The city of Las Vegas has approved a $71 million contract for Elon Musk’s Boring Company to build an underground transit line that’s scheduled to be completed by January 2021, just in time for the Consumer Electronics Show. But it remains to be seen whether Musk’s high-speed transportation concept can really live up to the hype.
The new transit project, dubbed the LVCC Loop, will connect the Las Vegas Convention Center’s New Exhibit Hall with other convention halls down the street. It currently takes 15 to 20 minutes to walk from the New Exhibit Hall to the other halls. That same distance will take about 1 minute with the new underground LVCC Loop, according to the Boring Company.
The Las Vegas Convention and Visitors Authority approved the contract late Wednesday which will reportedly be just 2km long and have three underground stations. Mayor Carolyn Goodman was the only member of the 14-person board to vote against the project, according to the Las Vegas Sun. Mayor Goodman supported a competing proposal by the Doppelmayr/Garaventa Group from Austria.
But it remains to be seen whether the Boring Company’s new Loop will just be a regular Tesla Model X in a tunnel. Because that’s all Musk has been able to deliver so far.
Musk got a lot of press when he first announced that he’d be bringing the Boring Company’s so-called Loop technology (not to be confused with the Hyperloop concept) to cities like Chicago and Los Angeles. But when his test tunnel opened in L.A. back in December, it became clear that there wasn’t any revolutionary technology at work. Musk had “invented” driving a car through a tunnel.
“The trip through the tunnel took about two minutes, illuminated by the car’s headlights and a strip of blue neon lights tacked to the ceiling,” L.A. Times transportation reporter Laura J. Nelson wrote at the time.
“The Model X rolled on two moulded concrete shelves along the wall, which were so uneven in places that it felt like riding on a dirt road.”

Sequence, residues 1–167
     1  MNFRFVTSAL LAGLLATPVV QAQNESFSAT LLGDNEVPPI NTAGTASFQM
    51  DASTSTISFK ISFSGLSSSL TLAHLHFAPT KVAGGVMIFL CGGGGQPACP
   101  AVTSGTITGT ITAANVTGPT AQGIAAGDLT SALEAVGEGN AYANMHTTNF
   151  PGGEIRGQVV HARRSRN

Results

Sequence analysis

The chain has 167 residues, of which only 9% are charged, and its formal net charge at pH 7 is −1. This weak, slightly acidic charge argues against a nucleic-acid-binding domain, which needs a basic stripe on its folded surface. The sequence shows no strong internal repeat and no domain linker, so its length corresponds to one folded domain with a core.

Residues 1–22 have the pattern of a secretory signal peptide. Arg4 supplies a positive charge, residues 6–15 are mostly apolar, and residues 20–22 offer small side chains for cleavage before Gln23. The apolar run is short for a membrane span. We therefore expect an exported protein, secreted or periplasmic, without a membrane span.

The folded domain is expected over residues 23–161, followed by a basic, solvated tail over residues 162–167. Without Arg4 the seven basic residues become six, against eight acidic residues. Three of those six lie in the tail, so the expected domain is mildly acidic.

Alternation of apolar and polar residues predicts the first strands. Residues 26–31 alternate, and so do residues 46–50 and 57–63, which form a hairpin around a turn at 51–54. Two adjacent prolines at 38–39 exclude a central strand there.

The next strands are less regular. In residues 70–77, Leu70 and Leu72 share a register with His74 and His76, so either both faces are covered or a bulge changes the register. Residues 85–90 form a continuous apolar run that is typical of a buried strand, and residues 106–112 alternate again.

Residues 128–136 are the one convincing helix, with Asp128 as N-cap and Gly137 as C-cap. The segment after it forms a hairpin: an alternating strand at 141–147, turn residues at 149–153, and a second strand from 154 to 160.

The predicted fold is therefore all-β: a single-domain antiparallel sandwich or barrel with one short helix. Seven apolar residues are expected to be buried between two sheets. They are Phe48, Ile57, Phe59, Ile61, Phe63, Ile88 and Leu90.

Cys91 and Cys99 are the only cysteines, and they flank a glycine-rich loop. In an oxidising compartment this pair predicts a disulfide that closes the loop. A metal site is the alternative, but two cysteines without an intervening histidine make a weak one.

When Musk first pitched his Loop idea, we saw glitzy videos of large autonomous vehicles that could hold up to 16 people. But whereas the concept videos looked like something out of Tron or Minority Report, the reality was much different.
This is what Musk promised:
And this is what Musk delivered at his 2km test tunnel in Los Angeles back in December:
The L.A. demonstration was just a test, but it was disappointing by almost every measure. The Boring Company demonstration featured human drivers in regular Tesla vehicles travelling at roughly 56km per hour. The ride and was so bumpy that it gave one reporter motion sickness, according to the Associated Press. The entire experience was a far cry from the futuristic ideas that were being promised. And that’s the gamble that the city of Las Vegas has taken.
At the end of the day, it seems like Las Vegas is banking on the novelty of having something built by Elon Musk, a man who knows how to get a lot of press, even this will be the Boring Company’s first rodeo.
“This is truly a unique and one-of-a-kind project,” the Las Vegas board’s vice chairman, Bill Noonan, told the Las Vegas Sun. “People will come from all over the country to see it.”
“This project is going to be a real benefit to our customers,” Noonan continued. “But it also has an opportunity because it’s innovative and leads to a low-cost system, to help solve congestion problems not only in the resort corridor, but throughout the community.”
Time will tell, Mr. Noonan. And while we’re not rooting against the Boring Company, it’s become increasingly clear that Elon Musk is much less adept at building mass transit than he is at electric cars and rockets.
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